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Calgary Hotels

by Christine L Hayes - 0 Comment(s)

PC 947

Cecil Hotel, ca. 1912

Postcards from the Past, PC 947

Calgary's historic hotels are in the news again. This time it is the Cecil Hotel, built in 1912 to cater to the needs of the working man. It was described in a 1914 Albertan publication as "a cosy resort permeated with fellowship." A hotel down the street, the King Edward, catering to the same clientele, was called "the ideal home of the working man."

Hotels played an important part in the early history of this city. To see more pictures, visit our Community Heritage and Family History Digital Library. If you are interested in the history of hotels in Calgary, come down to the local history room of the Central Library and have a look at The Role of Hotels in Early Calgary by Harry Sanders and Bed and Breakfast by William M McLennan.

Sarcee Military Camp

by Christine L Hayes - 0 Comment(s)

PC 567

Sarcee City, 1916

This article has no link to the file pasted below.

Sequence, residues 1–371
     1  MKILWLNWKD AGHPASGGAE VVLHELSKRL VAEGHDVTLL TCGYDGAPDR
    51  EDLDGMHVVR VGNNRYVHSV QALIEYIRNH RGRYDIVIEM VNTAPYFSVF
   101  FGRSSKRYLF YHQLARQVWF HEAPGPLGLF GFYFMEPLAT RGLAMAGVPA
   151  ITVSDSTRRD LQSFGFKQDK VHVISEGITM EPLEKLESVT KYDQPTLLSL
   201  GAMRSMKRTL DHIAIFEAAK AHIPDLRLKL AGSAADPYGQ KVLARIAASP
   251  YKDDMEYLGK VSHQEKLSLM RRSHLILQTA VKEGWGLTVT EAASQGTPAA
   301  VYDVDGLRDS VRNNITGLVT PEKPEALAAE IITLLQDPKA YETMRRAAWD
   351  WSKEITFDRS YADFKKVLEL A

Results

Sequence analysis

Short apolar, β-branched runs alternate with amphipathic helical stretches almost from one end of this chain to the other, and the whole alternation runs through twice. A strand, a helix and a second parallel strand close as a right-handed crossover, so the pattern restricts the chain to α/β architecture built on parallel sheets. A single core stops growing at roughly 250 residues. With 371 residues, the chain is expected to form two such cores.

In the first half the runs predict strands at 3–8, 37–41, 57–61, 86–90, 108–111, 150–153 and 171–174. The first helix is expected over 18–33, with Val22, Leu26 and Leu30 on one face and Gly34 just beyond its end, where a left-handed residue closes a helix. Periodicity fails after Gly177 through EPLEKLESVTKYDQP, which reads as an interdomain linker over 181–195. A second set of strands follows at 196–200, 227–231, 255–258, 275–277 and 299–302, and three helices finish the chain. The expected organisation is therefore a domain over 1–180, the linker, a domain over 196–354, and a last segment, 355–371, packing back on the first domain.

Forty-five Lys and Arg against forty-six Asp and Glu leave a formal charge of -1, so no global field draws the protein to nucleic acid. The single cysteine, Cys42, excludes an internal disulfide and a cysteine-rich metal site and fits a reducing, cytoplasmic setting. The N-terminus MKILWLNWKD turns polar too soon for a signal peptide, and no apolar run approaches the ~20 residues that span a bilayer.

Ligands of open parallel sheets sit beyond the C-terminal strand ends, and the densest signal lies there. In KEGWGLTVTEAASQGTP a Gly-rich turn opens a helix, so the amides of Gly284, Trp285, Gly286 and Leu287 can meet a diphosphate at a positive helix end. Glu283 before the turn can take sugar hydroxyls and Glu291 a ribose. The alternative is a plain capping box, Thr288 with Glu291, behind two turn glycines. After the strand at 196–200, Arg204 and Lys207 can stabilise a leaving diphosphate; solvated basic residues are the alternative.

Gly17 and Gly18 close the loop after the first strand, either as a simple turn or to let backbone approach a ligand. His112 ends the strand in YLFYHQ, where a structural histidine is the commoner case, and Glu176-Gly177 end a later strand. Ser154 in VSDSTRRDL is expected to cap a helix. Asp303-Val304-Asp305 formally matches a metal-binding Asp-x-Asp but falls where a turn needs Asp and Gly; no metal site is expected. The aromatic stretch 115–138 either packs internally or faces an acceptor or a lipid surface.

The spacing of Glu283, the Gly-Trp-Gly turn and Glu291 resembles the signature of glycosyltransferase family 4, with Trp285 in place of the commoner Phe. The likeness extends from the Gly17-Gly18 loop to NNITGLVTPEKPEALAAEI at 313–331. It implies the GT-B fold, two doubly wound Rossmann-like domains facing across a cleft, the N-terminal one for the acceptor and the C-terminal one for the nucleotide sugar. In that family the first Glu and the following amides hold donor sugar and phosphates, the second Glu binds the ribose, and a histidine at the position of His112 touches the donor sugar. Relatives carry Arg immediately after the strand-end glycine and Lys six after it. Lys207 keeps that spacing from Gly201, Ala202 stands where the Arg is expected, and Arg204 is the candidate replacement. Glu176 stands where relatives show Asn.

Postcards from the Past, PC 567

Most of us are familiar with the battalion numbers on Signal Hill but did you know that the young men who created those numbers were trained for battle on the land below the hill? This area was known as Camp Sarcee and beside it grew a small "town" of shops catering to the needs of these servicemen. The city, known as Sarcee City, had a tailor, an ice-cream parlor, a photo studio, a jeweller and watch repair, a pool hall, a cafe - everything a soldier may have needed.

PC 965

Sarcee Camp, 192nd Battalion, 1916

Postcards from the Past, PC 965

If you have ancestors who gave their lives in the Second World War, Library and Archives Canada has a new database Second World War Service Files: Canadian Armed Forces War Dead. This database will allow researchers to more easily access these records.

Canadian Passenger Lists on Ancestry LE

by Christine L Hayes - 0 Comment(s)

MeganticGenealogists searching for that elusive link to the old country have a new tool at their command. The Canadian passenger lists from 1865-1935 have been indexed and are available on Ancestry LE. These lists contain more than 7 million names and record the arrivals of more than 4,000 ships. This is the first complete index of these records to be made available online. The site also links to the digitized images of the records, made available by Library and Archives Canada back in 2006.

You can access Ancestry LE at any of the branches of the Calgary Public Library. All you need is your library card.